6. Spent last evening having dinner on my daughter’s front porch, celebrating our 38th anniversary with some nice food, good wine, Guinness (of course!) and a finisher of Collingwood Whisky.
  7. Just saw this auction. Closing tomorrow with no bids… https://hibid.com/lot/96409714/1-louisiana-grills-24---60cm--ceramic-kamado/?q=&ref=lot-list Just in case you are looking for something.
  8. If you go the fries route, make a wasabi mayo dip for them…. Just sayin’ - that works for me.
  9. Thanks for this. I asked the suitability question a few months ago and all I got were crickets. So you got the small Dojoe?
  10. A,girl? Say goodbye to your hair! Before and after photos please. Congrats, she’s a sweetheart!
  11. Well, a lot of people here might consider it as sacrilege, but… Steak Rolendeli is what comes to my mind. Requirements: 2-5lb bags of salt, a large flat roasting pan, 5-8 lbs of Tenderloin or Top Sirloin, a couple of pounds of good butter and several loaves of the best crusty white bread you can find. Drop the carefully trimmed (fat removed) Tenderloin in the pan, lay it flat. Carefully pour most of one bag of Salt over it, carefully covering but but not rubbing it into the meat. The layer should be thick. Place it under a preheated broiler for 20-25 minutes and prepare any sides that you want to offer. Stuffed Mushrooms and Fried Onions come to mind, as well as a nice salad. Remove the Steak from the broiler, carefully remove the salt crust and discard. It should come off easily and in a few large chunks. Turn the meat over and repeat the salt and broiler trick for 20-25 minutes. The salt will not poison the taste of the meat, but rather seal in the juices. There will be a very slight salt taste on the surface but not overpowering. Gently melt the butter in your dutch oven or other larger pot during the second broiler stint. Keep it warm. Slice the bread into half slices and have a large platterful or two ready to go. Tell your guests to roll up their sleeves. Remove the last of the salt crust and cut the rare to medium rare meat into 1 pound pieces. Place them in the warm butter. Deliver the sides to the table. Appoint an assistant called “the runner”. After a few minutes in the butter, slice a chunk of meat into large, bread sized slices, nice and thin. The runner is to dip slices of bread in the butter and cover the platters before the layers of meat goes on. They then run it out to the table where it will be greedily consumed as soon as the plate touches down. A check on your dignified, refined guests will find them reduced to screaming pigs, yelling “more, more!” Vegetarians should not be invited. We served this one night in 1990 or 1991 to a loose collection of chefs, cooks, foodies and their spouses. It is still spoken of in dark corners at parties. Source: Esquire Magazine. 11/1990. “Man at his best; Eat your heart out”. Jim Enger. The account above is my personal experience based on the article.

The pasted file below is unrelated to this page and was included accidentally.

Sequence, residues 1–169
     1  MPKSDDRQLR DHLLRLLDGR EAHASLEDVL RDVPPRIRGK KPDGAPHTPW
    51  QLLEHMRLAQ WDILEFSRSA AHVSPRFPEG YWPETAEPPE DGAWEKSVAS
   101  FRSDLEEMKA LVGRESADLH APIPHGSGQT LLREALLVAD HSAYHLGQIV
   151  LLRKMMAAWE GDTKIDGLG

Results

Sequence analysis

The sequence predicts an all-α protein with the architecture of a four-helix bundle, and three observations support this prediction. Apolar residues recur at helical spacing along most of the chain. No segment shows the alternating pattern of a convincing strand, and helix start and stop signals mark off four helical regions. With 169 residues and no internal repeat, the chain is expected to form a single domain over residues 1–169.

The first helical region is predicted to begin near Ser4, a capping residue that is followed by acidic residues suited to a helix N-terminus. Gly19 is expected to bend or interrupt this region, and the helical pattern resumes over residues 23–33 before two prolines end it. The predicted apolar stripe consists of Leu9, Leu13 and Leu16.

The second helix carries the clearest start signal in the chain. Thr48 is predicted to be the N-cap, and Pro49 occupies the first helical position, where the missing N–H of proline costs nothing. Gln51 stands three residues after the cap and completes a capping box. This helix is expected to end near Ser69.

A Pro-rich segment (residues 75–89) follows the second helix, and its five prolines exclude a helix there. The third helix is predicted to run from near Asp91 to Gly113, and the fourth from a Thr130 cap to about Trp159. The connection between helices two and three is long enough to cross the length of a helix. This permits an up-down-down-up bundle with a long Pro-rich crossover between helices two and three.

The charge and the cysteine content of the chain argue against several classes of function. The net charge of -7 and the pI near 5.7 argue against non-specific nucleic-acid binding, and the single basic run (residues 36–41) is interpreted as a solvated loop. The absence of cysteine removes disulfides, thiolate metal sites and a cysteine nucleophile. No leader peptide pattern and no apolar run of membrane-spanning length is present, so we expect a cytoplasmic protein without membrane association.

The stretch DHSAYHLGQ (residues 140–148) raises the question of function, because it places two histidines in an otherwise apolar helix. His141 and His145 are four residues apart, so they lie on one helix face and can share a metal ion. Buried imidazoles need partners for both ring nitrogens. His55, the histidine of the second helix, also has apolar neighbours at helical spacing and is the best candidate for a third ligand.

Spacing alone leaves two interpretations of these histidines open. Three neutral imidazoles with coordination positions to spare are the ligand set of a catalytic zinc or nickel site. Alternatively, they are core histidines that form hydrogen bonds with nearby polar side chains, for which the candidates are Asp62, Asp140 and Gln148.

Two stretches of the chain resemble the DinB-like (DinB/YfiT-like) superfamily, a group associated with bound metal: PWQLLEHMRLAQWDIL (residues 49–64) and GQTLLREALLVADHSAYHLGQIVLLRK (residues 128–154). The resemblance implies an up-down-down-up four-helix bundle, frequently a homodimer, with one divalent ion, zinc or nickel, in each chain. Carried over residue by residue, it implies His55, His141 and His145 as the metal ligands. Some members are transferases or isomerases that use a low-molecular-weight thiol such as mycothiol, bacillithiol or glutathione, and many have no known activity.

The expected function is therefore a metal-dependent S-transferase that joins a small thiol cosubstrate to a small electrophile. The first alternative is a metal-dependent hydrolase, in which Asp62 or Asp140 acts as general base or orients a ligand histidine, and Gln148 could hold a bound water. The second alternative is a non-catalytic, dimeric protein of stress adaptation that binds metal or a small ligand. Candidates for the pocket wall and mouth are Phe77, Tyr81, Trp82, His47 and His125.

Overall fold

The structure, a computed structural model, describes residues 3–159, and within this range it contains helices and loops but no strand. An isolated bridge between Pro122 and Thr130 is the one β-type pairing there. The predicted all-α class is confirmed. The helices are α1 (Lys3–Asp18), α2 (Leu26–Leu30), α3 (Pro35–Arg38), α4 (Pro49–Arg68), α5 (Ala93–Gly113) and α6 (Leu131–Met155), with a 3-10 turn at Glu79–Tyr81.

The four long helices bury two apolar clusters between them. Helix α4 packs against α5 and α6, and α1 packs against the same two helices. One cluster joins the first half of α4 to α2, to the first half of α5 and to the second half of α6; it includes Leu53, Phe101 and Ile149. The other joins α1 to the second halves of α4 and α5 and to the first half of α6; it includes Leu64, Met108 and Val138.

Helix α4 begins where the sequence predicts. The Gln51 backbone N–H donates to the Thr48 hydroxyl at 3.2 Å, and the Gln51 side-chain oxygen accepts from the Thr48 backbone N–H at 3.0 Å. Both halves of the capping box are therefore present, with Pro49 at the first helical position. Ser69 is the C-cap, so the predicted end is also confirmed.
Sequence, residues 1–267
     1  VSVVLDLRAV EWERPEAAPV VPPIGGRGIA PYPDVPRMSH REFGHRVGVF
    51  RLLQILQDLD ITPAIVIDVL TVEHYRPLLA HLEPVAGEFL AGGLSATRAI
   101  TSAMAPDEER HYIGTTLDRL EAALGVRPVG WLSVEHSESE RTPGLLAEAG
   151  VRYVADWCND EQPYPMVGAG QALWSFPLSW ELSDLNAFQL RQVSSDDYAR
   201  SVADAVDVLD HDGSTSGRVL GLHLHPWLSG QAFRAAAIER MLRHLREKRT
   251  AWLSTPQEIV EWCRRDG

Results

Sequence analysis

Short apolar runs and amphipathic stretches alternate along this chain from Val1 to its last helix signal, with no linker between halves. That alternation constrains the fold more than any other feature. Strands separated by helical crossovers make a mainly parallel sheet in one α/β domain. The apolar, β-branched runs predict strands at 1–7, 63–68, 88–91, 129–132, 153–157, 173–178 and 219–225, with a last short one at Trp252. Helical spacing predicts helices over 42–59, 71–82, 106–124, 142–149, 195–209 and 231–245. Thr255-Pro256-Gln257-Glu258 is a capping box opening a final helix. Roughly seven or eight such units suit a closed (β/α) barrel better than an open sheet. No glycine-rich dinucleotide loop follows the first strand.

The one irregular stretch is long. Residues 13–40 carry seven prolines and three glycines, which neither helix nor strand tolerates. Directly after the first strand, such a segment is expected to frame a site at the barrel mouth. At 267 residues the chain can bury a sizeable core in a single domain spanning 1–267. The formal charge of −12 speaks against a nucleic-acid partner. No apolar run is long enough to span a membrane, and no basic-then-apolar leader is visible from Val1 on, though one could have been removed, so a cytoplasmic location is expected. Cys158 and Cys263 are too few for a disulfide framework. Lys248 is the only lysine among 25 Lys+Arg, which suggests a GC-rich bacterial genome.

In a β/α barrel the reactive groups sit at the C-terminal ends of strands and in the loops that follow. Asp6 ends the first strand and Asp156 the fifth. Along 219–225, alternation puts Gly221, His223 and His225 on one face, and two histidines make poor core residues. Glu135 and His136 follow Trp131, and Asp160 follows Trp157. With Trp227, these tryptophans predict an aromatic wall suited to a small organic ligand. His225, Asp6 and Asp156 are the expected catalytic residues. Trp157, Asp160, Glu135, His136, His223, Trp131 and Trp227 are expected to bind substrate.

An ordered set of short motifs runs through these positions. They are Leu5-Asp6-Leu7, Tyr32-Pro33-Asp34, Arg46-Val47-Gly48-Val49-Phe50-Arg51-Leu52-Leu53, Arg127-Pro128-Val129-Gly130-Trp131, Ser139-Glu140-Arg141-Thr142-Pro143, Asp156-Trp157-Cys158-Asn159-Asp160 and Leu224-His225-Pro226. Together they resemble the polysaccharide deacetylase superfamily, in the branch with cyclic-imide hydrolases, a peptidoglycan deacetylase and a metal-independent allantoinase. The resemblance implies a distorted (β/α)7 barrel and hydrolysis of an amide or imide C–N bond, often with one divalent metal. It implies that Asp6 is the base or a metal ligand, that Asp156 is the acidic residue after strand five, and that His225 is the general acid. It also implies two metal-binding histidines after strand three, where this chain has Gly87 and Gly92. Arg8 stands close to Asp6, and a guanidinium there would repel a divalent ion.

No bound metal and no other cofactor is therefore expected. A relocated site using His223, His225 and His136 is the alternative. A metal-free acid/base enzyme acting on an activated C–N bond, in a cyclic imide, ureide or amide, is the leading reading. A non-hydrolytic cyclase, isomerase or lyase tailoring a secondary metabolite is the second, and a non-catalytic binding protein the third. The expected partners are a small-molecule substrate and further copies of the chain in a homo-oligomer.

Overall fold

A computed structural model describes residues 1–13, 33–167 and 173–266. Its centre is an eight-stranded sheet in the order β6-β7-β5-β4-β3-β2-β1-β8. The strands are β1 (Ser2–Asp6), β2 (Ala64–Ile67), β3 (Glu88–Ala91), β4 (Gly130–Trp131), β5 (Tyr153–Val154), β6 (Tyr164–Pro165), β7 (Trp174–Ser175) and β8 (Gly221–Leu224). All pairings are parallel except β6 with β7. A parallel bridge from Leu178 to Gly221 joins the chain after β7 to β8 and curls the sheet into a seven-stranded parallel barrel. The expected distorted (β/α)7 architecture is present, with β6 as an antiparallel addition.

12. That looks like just enough meat for you. What is everybody else going to eat?
  13. Well, we ended up with some major storms rolling through last night and everything got drenched including the Akorns. I moved them back inside the opening of my garage, but I noticed later on that the floor was wet almost 8 feet in. A very angular rain. I finally gave up just before 11pm. That was after I cleaned up the wet basement floor… which is another story. The fish was wrapped and put in the fridge overnight. To my eye, it appeared uncooked. I am actually hesitant to consume it. After some more cleanup today I will pull it out and try slicing it to inspect further. @K_sqrd. I will give that article a good once over and try again in a few weeks! Thanks for the assist.
  14. Thanks, I was planning on about 10 hours. Am I being optmistic?